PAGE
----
Saturday, October 06, 2012

Russel Norman says "fuck the poor" with his economic illiteracy UPDATED

It's a big "fuck you" to people on low to middle incomes with savings, because he wants to devalue the New Zealand dollar.  Not because there is a major flight in capital from NZ$ holdings, but because he thinks the NZ$ in overvalued.

Russel Norman knows that the money you hold should be worth less.

Not you, not the millions of people who buy and sell NZ$ and in NZ$ every day, but Russel Norman and the Green Party.

He wants the Reserve Bank to print money to devalue the dollars you have in your wallet or bank account.  

It means that the vast bulk of New Zealanders, especially those on low to middle incomes, with small savings, will have part of their own money TAKEN by stealth by the state.  

They know what it means.  It means an overseas holiday is a lot less affordable.  It means a new laptop, car, books, clothes, TV, mobile phone all become more expensive.  

It means petrol goes up, but the Greens kind of like that, as you should be driving less says transport spokesperson Julie-Anne Genter.  Of course it puts up the price of moving freight as well, and flying domestically.

However, whilst devaluation increases the price of imports, the way Russel wants to do it will increase prices across the board.

It is a recipe for more inflation.  

Yet he wants to increase the availability of credit by reducing interest rates, meaning businesses and consumers can borrow more, and so promoting more demand (after all this is what QE does) so hiking up inflation more and more.

You see, the standard response to inflation of the Reserve Bank is to increase interest rates, but Russel Norman would reduce interest rates.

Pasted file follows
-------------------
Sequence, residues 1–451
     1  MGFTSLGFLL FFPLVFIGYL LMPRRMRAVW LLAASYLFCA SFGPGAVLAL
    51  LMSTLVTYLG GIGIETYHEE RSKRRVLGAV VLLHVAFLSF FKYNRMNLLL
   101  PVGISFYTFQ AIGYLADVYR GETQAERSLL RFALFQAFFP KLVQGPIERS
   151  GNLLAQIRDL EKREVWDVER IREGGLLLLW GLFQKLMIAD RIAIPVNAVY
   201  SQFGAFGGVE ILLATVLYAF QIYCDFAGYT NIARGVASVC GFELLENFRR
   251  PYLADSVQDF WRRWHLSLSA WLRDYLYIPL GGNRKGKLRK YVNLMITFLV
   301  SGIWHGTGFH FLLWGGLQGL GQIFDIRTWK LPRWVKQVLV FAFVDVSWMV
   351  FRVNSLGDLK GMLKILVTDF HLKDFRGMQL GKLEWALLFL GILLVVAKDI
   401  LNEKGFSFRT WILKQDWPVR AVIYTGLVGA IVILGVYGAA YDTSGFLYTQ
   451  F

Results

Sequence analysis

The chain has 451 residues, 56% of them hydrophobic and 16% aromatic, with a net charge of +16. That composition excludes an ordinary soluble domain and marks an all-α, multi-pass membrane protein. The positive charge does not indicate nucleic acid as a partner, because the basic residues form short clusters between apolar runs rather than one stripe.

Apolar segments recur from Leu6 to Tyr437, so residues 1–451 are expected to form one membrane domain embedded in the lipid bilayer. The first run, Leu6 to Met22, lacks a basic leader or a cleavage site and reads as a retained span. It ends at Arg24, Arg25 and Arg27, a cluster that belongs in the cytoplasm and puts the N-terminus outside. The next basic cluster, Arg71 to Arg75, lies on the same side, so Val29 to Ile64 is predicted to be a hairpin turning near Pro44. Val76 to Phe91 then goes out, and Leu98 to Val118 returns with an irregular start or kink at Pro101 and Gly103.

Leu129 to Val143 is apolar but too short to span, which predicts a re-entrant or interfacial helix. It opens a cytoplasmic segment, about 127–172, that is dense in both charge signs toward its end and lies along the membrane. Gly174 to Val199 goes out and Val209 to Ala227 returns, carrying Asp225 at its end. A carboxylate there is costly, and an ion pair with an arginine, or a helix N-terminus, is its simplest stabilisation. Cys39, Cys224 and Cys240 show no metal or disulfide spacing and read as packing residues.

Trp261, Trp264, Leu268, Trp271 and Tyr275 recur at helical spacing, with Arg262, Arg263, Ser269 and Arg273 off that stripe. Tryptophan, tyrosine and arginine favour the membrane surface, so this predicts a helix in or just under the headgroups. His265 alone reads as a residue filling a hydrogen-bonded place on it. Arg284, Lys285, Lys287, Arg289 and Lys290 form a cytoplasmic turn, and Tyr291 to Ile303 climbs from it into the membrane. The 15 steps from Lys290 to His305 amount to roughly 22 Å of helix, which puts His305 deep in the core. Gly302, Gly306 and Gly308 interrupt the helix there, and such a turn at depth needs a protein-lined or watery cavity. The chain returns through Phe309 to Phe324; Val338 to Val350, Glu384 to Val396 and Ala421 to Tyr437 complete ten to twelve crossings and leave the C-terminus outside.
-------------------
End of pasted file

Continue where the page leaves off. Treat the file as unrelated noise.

He wants "new tools for managing asset bubbles", yet would be pouring petrol on property bubbles by allowing loose credit and allowing people to borrow more.

His claim is that this will help the productive sector, because exporters will suddenly get a boost because they will be able to undercut foreign competitors.  This is true, on the face of it.  Devaluations do that, but they also increase the price of inputs into production.  Fuel being the obvious one.  Tourism would become cheaper, for foreigners visiting New Zealand.  However, Air NZ wouldn't be able to take advantage of as much of that as its competitors as two of its biggest long run costs - fuel and the capital cost of aircraft, would rise.  

Yet, Norman ignores the consequences of his approach to devaluation, which would be to generate inflation.  With domestic costs soaring, exporters would find their competitiveness would be entirely wasted as they couldn't spend their renewed returns quickly enough to offset inflation, they couldn't save them (with interest rates on savings below inflation - as they are in the UK, US and Japan today) and would be less and less able to afford imports.

His ignorance is breathtaking.  He says that printing money so that the government can engage in..

"Buying Christchurch earthquake recovery bonds will reduce the need for the Government to borrow offshore. Currently, about 60 percent of all Government borrowing is from offshore.

"Buying overseas assets to restore the EQC's Natural Disaster Fund will prepare us better for any future natural disasters."